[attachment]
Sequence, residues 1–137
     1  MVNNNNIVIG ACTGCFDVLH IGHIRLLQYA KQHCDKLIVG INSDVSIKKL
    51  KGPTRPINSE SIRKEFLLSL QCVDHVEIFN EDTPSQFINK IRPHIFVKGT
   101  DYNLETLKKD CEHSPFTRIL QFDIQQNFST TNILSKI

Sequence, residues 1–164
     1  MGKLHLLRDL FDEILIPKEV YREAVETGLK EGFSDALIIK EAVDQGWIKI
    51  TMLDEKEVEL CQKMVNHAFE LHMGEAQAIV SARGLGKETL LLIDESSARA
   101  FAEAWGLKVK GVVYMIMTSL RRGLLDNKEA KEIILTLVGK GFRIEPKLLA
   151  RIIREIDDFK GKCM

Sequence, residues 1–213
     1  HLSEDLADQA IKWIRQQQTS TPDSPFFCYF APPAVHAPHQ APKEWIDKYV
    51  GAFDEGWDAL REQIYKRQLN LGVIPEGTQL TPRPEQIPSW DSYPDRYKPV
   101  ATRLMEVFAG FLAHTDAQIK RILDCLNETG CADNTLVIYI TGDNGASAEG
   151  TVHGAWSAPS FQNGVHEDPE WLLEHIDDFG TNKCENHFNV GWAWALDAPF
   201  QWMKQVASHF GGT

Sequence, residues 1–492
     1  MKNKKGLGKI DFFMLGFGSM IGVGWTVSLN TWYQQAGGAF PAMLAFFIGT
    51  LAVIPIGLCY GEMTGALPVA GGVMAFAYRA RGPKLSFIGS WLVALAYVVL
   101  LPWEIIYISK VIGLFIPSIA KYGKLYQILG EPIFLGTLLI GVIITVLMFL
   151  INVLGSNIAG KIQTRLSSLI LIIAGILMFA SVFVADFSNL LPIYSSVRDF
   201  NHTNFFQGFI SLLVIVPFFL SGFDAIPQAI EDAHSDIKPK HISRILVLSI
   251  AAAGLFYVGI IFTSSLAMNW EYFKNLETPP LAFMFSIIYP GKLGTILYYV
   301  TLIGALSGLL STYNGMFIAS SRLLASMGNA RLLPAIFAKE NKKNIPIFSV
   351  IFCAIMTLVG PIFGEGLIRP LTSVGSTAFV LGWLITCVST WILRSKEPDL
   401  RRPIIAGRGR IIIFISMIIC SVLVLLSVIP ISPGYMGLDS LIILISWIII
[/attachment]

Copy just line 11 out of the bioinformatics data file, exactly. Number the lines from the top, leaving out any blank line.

     1  HLSEDLADQA IKWIRQQQTS TPDSPFFCYF APPAVHAPHQ APKEWIDKYV